COVID, China will be major issues as Biden meets virtually with leaders of Japan, India, Australia
WASHINGTON – President Joe Biden will host Japan’s prime minister at the White House – his first in-person meeting with a foreign leader – as his administration seeks to shore up U.S. alliances in Asia and counter China’s global ambitions.
A senior administration official, who briefed reporters on the condition of anonymity, said that COVID-19 precautions would guide planning for the meeting with Japan’s leader, Yoshihide Suga, and no date had been set yet.
On Friday, Biden will meet virtually with Suga as well as the prime ministers of India and Australia to discuss China, the COVID-19 pandemic, climate change and other shared concerns. The so-called “Quad” is seen as a strategic alliance to counter Beijing’s economic and military expansionism.
The White House will announce a new global vaccine initiative at the virtual summit, aimed at expanding manufacturing capacity in India to expand access across Southeast Asia, the senior administration official said.
The official did not provide cost details but said it would be a financing agreement for “a very substantial, frankly dramatic increase in the capacity to create vaccines – up to a billion by 2022.” The initiative will also help fund vaccine delivery to people in those targeted countries.
The announcement comes as the Biden administration faces growing pressure to dip into America’s vaccine supply, noting the U.S. has purchased more than it needs to inoculate the U.S. population. Biden has said the U.S. will share its vaccine supply with other countries once all Americans have been vaccinated.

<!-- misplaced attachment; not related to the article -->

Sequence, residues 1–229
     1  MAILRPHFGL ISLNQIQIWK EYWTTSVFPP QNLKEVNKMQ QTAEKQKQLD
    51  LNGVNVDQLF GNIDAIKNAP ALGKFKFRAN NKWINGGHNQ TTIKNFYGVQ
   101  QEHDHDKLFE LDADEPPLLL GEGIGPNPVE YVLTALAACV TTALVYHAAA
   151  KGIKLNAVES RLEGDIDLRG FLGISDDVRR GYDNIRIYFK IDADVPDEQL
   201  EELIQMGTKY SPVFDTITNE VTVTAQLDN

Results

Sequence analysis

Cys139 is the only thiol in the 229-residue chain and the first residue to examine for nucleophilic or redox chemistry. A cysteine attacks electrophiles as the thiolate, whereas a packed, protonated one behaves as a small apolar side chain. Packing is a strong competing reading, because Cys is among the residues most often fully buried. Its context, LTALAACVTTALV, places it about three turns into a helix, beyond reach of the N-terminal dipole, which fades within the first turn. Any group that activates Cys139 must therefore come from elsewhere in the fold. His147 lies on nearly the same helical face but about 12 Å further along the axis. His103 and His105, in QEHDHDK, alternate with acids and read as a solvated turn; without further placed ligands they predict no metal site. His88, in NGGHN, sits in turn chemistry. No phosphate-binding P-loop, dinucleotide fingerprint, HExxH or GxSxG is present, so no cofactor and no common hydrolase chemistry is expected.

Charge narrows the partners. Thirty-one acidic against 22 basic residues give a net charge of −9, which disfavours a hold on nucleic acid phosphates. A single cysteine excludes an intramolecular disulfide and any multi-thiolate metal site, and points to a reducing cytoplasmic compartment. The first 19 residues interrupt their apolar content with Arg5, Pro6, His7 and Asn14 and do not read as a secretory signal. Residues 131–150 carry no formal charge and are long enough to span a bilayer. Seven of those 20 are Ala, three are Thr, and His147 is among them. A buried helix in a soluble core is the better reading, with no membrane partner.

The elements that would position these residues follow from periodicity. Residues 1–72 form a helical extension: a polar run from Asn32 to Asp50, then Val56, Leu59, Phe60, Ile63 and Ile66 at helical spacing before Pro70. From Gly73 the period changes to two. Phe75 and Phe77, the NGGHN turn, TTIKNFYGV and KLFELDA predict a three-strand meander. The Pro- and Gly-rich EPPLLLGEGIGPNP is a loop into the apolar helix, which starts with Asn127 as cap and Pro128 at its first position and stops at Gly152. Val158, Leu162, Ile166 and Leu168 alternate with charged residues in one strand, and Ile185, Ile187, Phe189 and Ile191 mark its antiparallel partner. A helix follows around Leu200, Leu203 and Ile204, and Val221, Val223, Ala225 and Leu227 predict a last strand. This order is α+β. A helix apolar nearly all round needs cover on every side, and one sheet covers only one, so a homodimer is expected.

In the meantime, Beijing has ramped up its vaccine diplomacy, racing to provide Chinese-made vaccines to low-income countries.
Biden and his advisers have cast China as the biggest geopolitical threat to the United States, arguing that Beijing is to seeking to promote its repressive, authoritarian system on the rest of the world.
“China is the only country with the economic, diplomatic, military and technological power to seriously challenge the stable and open international system – all the values and relationships that make the world work the way we want it to,” Secretary of State Antony Blinken said in a recent speech outlining Biden’s foreign policy priorities.
Next week, Blinken and Biden’s national security adviser Jake Sullivan will meet with their Chinese counterparts in Alaska, a high-stakes session likely to focus on Beijing’s human rights abuses and other contentious issues.